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In our lecture on probability, my professor made the comment that "a random variable X is not independent from itself." (Here he was specifically talking about discrete random variables.) I asked him why that was true. (My intuition for two counterexamples are $X \equiv 0$ and $X$ s.t. $$m_X(x) = \begin{cases}1, &\text{ if } x = x_0\\ 0, &\text{ if }x \neq x_0.)\end{cases}$$

In these cases, it seems that $\mathbb{P}(X \leq x_1 , X \leq x_2) = \mathbb{P}(X \leq x_1) \cdot \mathbb{P}(X \leq x_2)$.

My professor's response was, "The independence from or dependence of $X$ on itself depends on the definition of the joint distribution function $m_{X,X}$, which is essentially arbitrary."

Can someone help me to understand this?

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    $\begingroup$ If I remember correctly, a random variable is independent of itself if and only if it is a constant, i.e., $X = E[X]$. $\endgroup$ – user38355 Oct 2 '13 at 23:37
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    $\begingroup$ $X \equiv 0$ (or $X \equiv a$ for a constant $a$) is definitely a valid counterexample. $\endgroup$ – Trevor Wilson Oct 2 '13 at 23:37
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The only events that are independent of themselves are those with probability either $0$ or $1$. That follows from the fact that a number is its own square if and only if it's either $0$ or $1$. The only way a random variable $X$ can be independent of itself is if for every measurable set $A$, either $\Pr(X\in A)=1$ or $\Pr(X\in A)=0$. That happens if and only if $X$ is essentially constant, meaning there is some value $x_0$ such that $\Pr(X=x_0)=1$.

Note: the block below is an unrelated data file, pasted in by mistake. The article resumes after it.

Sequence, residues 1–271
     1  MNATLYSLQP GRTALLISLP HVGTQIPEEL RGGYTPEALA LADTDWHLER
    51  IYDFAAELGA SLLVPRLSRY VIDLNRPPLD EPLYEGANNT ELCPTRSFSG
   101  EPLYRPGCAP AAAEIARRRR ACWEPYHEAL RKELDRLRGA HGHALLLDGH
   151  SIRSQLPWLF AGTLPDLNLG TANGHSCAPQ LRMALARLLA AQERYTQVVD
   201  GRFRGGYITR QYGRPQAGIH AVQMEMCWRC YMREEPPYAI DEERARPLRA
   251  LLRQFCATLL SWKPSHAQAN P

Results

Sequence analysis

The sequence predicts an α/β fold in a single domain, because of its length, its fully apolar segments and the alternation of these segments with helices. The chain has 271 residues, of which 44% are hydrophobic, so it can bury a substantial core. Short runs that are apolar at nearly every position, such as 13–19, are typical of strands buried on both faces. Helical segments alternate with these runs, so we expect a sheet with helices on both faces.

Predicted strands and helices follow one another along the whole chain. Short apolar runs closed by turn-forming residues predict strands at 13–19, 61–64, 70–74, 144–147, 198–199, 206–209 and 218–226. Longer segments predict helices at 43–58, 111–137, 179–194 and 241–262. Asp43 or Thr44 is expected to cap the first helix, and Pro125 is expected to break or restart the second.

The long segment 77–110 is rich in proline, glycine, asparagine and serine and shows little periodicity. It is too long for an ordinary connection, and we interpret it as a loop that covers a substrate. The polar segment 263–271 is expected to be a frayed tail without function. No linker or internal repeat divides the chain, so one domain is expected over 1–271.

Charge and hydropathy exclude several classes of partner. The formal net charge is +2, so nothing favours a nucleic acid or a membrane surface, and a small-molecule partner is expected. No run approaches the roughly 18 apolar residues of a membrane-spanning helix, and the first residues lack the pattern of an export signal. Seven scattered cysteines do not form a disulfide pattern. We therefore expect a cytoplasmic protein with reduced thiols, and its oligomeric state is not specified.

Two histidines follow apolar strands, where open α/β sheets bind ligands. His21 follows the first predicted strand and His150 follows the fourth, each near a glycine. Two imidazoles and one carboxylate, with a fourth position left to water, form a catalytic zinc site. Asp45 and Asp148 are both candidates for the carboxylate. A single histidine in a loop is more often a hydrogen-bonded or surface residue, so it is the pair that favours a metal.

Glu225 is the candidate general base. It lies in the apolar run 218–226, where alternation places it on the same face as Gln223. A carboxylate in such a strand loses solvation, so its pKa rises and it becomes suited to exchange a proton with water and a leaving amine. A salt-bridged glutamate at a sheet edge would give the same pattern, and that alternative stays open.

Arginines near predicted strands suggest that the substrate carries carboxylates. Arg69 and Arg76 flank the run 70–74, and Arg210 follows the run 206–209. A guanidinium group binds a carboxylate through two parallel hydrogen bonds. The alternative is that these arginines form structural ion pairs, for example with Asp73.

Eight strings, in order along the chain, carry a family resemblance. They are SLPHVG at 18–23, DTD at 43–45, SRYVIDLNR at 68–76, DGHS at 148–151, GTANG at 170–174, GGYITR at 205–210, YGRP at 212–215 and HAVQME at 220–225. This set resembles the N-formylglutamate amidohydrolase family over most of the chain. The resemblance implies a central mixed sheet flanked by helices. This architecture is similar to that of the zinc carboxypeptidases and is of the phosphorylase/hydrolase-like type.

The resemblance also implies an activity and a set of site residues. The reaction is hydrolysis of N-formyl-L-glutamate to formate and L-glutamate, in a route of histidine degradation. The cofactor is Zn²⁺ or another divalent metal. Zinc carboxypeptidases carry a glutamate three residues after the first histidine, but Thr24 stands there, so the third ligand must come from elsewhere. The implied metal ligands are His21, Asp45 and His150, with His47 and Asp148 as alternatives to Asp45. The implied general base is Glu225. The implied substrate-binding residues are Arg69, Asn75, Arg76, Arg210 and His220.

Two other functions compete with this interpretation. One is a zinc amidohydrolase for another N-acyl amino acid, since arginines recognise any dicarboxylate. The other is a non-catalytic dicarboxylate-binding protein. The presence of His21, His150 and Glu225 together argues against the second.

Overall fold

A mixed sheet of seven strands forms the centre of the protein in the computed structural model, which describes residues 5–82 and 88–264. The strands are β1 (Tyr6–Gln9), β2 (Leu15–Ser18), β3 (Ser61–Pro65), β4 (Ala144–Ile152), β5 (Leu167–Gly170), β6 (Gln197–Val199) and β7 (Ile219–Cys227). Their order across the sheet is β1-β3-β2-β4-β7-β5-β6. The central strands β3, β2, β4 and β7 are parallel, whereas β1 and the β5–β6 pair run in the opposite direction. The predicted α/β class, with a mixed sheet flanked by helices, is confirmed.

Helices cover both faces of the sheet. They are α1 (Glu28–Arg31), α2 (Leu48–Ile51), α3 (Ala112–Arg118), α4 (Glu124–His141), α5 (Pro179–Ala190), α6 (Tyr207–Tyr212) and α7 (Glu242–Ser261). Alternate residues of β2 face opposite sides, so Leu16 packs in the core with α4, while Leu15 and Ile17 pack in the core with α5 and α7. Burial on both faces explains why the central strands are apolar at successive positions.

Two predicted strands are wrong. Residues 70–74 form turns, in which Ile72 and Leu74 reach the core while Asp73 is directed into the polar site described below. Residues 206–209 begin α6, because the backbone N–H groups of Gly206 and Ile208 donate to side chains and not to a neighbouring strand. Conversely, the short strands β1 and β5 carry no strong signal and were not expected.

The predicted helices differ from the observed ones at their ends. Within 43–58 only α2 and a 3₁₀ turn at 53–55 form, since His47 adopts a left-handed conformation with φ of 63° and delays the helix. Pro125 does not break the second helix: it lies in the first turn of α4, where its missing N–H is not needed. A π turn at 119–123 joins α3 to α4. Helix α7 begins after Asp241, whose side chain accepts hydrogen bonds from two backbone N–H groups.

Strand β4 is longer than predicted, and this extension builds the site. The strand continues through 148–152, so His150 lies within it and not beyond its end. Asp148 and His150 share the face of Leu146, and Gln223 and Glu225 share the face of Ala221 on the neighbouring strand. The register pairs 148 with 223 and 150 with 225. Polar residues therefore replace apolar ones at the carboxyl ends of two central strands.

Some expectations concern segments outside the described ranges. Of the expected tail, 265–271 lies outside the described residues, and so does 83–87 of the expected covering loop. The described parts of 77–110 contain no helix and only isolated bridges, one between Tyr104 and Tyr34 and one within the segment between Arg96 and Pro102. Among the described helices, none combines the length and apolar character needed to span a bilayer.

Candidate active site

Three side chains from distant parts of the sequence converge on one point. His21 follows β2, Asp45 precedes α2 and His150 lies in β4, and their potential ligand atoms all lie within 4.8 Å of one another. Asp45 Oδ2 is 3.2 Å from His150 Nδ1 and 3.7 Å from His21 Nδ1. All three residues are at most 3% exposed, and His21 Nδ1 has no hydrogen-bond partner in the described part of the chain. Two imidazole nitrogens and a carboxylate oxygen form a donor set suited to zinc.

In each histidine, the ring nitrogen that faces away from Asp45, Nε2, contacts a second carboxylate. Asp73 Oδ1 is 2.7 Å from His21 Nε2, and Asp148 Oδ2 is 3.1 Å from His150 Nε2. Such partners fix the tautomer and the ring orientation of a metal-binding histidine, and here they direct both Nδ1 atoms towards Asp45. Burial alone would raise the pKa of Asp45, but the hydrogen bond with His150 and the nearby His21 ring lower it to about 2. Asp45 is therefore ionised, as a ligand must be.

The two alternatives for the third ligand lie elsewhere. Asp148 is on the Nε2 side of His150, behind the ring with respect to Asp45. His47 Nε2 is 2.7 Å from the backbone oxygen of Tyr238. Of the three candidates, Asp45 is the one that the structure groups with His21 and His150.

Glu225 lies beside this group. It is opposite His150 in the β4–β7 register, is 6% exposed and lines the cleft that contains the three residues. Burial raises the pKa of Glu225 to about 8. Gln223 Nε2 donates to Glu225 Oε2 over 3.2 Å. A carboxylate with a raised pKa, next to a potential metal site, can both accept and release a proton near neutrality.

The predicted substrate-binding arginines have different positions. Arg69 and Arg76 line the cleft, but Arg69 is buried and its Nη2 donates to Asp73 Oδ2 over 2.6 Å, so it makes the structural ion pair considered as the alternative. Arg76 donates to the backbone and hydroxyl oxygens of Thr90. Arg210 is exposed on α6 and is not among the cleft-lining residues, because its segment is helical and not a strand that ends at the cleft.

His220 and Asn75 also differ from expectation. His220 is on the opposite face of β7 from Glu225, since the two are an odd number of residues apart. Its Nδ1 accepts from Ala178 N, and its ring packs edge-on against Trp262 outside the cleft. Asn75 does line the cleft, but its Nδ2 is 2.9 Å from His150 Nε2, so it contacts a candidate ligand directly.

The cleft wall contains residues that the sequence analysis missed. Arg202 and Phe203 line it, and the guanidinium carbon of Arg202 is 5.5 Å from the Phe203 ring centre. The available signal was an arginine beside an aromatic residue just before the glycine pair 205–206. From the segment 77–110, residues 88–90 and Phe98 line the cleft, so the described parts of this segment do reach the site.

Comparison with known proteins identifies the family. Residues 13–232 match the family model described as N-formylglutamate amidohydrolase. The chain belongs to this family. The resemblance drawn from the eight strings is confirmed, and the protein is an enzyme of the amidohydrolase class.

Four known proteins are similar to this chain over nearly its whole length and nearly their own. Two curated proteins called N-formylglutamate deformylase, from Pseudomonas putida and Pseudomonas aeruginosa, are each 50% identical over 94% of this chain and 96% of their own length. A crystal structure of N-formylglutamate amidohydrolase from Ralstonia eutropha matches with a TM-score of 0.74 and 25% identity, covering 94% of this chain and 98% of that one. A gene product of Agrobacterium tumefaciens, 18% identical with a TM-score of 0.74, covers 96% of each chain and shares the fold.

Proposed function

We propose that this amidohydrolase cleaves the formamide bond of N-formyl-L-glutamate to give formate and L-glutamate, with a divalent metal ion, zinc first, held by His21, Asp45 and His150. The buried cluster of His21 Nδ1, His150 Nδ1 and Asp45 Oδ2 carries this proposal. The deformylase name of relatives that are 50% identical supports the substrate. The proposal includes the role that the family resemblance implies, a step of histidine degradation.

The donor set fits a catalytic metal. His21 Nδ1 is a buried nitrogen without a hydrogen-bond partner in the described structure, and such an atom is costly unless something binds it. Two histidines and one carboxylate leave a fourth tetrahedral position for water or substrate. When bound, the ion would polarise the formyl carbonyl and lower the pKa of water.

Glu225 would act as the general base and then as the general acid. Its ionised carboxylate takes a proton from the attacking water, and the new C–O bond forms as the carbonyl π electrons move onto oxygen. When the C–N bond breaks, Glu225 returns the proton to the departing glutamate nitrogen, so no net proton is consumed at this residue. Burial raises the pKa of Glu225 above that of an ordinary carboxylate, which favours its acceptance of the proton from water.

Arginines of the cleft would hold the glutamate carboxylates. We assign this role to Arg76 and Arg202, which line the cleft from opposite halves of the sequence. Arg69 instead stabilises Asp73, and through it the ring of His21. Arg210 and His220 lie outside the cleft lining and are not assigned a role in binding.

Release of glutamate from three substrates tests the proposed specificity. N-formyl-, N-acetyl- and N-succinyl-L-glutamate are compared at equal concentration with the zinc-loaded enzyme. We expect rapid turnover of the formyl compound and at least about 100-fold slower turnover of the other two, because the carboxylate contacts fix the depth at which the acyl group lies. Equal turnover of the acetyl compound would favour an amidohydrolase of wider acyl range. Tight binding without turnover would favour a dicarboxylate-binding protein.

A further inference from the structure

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  • $\begingroup$ In layman's terms, why is a random number not independent of each other? In a uniform distribution, getting one value does not increase the odds of getting another value. I guess I am not understanding the concept of independence. $\endgroup$ – confused Feb 24 at 20:10
  • $\begingroup$ @confused : The question is about events that are independent of THEMSELVES, not indpendent of EACH OTHER. $\endgroup$ – Michael Hardy Feb 25 at 0:04

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